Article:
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Spartans' striker seeks senior soccer splash

September 21, 2020 by George Werner, AZPreps365


Northland Preparatory Academy senior Mia Blair, seen here in action as a junior, seeks a fourth state girls' soccer title in four years beginning Tuesday, Sept. 22, at Blue Ridge High School. (Photo courtesy Mia Blair)

For all of the accomplishments of Mia Blair on the soccer field, obscurity continues to shroud the Northland Preparatory Academy senior.

Blair, who was named two months ago as the only fall high school soccer player in the state to be National High School All-American by the national recruiting website Top Drawer Soccer.com, is scheduled to make her final season debut Tuesday, Sept. 22, at 4 p.m., with the Spartans’ opening game at Blue Ridge High School.

It would be the debut of last year’s top overall point-getter in Arizona high school girls soccer as well as the assist leader across the entire nation in the sport.

The coronavirus, however, continues to make good its threat to keep college scouts and fans away.

While Northland Prep had not, as of Friday, Sept. 18, made any decisions to cancel its fall girls soccer opener, more than 114 cases of COVID-19 per 100,000 Flagstaff residents led to such a decision for all other Flagstaff high schools. That day, the Flagstaff Unified School District announced that such a substantial community spread of the virus would put all games involving its schools on hold until further notice.

“I am really hoping that my team is able to complete our season this year despite COVID-19,” said Blair, who, despite an injury-shortened sophomore year, has never lost a game she has played in a Spartans uniform. “Honestly, it’s been a weird time in quarantine. Having my dad as a coach, he came up with creative ways to keep me working.”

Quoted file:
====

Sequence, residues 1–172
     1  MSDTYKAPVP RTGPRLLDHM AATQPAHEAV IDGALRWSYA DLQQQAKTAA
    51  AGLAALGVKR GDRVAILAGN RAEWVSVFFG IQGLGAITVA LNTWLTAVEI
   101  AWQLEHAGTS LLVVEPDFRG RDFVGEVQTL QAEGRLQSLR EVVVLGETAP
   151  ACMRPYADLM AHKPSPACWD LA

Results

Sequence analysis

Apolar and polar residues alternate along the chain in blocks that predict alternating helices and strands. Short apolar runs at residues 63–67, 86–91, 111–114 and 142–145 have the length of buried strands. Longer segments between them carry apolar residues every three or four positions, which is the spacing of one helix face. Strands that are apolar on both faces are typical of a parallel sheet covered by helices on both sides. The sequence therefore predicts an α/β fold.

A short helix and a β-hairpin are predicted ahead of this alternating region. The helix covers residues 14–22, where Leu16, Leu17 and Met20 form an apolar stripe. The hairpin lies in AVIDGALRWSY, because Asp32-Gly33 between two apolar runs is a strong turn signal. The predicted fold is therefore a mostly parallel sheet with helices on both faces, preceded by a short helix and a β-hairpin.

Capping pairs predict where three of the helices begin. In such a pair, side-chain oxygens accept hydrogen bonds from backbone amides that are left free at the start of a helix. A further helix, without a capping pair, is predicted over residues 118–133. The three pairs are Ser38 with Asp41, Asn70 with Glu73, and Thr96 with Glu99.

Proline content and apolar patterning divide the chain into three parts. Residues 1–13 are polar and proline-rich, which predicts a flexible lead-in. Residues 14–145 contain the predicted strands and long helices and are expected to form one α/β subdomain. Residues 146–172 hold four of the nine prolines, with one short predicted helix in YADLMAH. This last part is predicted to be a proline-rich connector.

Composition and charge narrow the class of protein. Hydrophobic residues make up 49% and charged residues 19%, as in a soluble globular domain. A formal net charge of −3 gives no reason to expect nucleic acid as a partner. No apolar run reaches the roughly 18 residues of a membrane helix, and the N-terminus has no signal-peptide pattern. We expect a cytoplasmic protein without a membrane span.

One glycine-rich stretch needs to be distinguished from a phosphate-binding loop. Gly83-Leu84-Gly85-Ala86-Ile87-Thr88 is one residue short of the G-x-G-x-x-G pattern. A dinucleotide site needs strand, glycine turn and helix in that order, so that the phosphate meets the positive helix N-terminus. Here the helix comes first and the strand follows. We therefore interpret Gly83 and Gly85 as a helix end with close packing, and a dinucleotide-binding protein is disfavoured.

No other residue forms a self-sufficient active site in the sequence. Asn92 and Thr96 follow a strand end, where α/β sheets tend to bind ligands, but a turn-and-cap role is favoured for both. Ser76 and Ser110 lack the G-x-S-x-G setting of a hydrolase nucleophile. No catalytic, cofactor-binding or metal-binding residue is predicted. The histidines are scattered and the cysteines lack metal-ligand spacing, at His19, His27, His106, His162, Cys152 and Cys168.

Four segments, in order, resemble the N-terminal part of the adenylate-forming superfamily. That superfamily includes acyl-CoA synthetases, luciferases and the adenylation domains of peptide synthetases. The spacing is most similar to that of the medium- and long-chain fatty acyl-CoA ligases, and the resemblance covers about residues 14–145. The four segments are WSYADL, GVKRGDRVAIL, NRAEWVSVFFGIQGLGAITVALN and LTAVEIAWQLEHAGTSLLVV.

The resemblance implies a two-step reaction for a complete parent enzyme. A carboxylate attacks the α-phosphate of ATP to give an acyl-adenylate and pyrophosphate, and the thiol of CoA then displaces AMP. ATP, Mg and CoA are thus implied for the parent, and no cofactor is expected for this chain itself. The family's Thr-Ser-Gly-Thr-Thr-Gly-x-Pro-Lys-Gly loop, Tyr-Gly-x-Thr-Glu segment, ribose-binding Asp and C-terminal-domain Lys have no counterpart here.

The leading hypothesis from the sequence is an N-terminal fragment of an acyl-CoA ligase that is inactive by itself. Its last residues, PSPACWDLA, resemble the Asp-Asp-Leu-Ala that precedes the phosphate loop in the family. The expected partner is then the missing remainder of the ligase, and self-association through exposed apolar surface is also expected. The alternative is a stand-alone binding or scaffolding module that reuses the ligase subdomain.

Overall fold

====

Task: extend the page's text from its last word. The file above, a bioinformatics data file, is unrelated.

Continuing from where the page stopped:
Michael Blair, her father and head coach of Spartans girls soccer, deferred comment on cancellation to Northland Prep Academy officials, who have only stated they will re-evaluate a decision to play shortly.

He did note that coronavirus concerns cancelled plans for the Spartans, 61-1 over the last three seasons, to play 2019’s seventh-ranked high school girls soccer team in the country, Faith Lutheran High School out of Las Vegas.

“They won the Nevada state championship last season for the largest schools in Nevada,” he said, “but Covid made Nevada change to play in the Spring.”

Tuesday, Oct. 6, the Spartans are slated to play their first of two games against Chino Valley High School, their ongoing prime challenger for the Central Region and 2A Conference title.

But Blair continues to have to come up with creative ways to keep scheduling the most challenging opponents possible. He makes it no secret his belief that neither his daughter nor the rest of her teammates have received the recognition they deserve.

“Unfortunately, being 2A and in the fall…sports writers won't consider fall players for their player of the year awards despite numerous efforts to try to include them every year,” said Blair, in search of his fourth state girls title in four years. “This year is the strongest team we've ever had, and I truly believe we could win any division in the state.”

The 2A conference has taken notice, awarding Mia Blair her second 2A girls soccer player of the year award in three years after she racked up 127 points and 37 assists as a junior striker.

“It’s not all about who the greatest athlete is, but it’s also about who is the most intelligent,” said Blair, Northland Prep’s student body president, who maintains a 4.0 grade-point average on a team that averages a 4.04. “I worked my brain a lot during quarantine as my team held numerous Zoom sessions where we broke down games and analyzed them.